Monday, September 1, 2014

Grandparents' grief over twin with Down syndrome who was given up for adoption - while her sister now attends top private school

A couple have told of their grief after their weeks-old grandchild, born with Downs Syndrome, was given up for adoption and separated from her twin sister.
The grandparents, who have chosen not to be identified, have described how the tiny baby was handed over to social services while the parents decided to keep the healthy twin.
Now seven, the girls live completely different lifestyles with one living overseas and attending an international private school and the other receiving state primary education and living with her new family in a terraced house in England.
The case has similarities to that of Gammy, a Down’s syndrome baby born to a Thai surrogate.
The child was at the centre of an international outcry after his Australian parents were accused of leaving him in Thailand with his surrogate mother Pattaramon Chanbua, 21, and taking home the healthy twin. 
The couple, David and Wendy Farnell later denied this was the case insisting that the Thai mother would not hand over Gammy and have said they want to get the seven-month-old baby back.
Pattharamon Chanbua later told Associated Press that she feared the baby would be put 'in an institute'.
In the recent case in Britain, the grandparents involved insisted the matter should have gone before High Court judges, accusing the council involved of 'mishandling' the situation, the Sunday Times reports.
They told the newspaper that the baby girl's parents were top executives at international companies and were working overseas when they flew back to Britain and handed the child to social services. 
According to the report, they have been fighting to maintain contact with the adopted child and had 'begged' the council involved to get advice when the babies were separated.
The grandparents revealed how their son and daughter-in-law did not have an amniocentesis test - capable of diagnosing Down's syndrome - when they found out they were going to have twins in 2006 fearing they would lose the pregnancy.
The youngster was 'terribly ill' following the birth and the parents feared she would not live. The grandparents were then informed that the mother and father had opted not to keep the child.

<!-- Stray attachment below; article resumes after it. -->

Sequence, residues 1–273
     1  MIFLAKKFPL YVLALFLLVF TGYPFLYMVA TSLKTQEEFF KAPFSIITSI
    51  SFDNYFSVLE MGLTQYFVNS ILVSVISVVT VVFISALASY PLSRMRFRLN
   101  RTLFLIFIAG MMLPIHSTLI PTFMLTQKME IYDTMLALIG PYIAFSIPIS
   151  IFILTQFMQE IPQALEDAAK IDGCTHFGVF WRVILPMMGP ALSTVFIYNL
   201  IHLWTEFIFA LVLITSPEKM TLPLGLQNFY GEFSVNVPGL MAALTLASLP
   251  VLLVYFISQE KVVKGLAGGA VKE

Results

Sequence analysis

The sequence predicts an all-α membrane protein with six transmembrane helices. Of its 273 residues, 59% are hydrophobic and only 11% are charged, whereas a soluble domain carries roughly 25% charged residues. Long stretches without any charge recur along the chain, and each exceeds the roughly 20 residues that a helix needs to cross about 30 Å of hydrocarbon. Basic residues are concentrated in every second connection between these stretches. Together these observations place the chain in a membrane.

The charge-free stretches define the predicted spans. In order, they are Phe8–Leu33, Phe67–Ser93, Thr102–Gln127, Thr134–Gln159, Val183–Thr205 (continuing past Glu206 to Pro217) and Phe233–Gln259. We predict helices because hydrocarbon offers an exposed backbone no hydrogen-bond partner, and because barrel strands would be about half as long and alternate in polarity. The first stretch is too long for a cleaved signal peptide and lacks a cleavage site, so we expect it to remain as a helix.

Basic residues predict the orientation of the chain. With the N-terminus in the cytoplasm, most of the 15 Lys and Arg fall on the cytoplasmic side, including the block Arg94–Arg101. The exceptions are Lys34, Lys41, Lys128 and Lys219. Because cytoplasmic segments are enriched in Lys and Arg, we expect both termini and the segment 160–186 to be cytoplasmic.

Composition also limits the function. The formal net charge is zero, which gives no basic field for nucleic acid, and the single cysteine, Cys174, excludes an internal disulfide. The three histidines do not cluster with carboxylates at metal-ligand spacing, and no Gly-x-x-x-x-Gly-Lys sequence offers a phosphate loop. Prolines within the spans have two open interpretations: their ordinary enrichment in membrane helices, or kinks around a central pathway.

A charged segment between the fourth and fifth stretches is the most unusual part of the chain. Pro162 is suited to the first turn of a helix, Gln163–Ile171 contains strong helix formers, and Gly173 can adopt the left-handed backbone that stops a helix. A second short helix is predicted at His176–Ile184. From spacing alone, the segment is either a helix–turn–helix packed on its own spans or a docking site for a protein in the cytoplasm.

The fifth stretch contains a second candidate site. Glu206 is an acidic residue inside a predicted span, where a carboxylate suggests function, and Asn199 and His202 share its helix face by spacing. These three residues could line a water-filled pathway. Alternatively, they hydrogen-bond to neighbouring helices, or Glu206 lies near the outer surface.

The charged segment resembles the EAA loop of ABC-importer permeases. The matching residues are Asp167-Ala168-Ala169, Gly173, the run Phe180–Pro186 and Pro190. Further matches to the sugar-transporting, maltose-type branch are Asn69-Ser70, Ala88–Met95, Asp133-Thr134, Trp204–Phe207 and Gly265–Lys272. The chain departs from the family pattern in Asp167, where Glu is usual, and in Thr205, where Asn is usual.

The grandfather told the Sunday Times: 'It is difficult to say how they felt because they have never discussed it with us.
'Relatives and friends thought they had made an outrageous decision... They said "How could they do that?", but it was none of their business.'
They went on to describe the heartbreaking moment they said goodbye to the baby having bonded with her for a matter of days.
The elderly couple later decided they wanted to maintain contact with the child - against the wishes of their son and daughter-in-law. 

At first, authorities told them they would not be able to visit their granddaughter but it was eventually agreed they would be able to see her once a year, the newspaper reports. 

After further rows with the authority, an independent investigation took place and their complaints about the council were partly upheld.
The grandmother said the ordeal had 'destroyed' her but that the child was happy and performing well at school.
She added that those involved did not receive the help they needed. 
The Sunday Times reports that the council involved declined to comment on the matter.
Around one in every 1,000 babies born in the UK will have Down's syndrome, according to the Down's Syndrome Association.
The organisation says that there are 40,000 people in Britain with the condition, which is caused by the presence of an extra chromosome in a baby's cells.
Those with the syndrome have a life expectancy of between 50 and 60 years, though many live on into their 60s, the Association says on its website.

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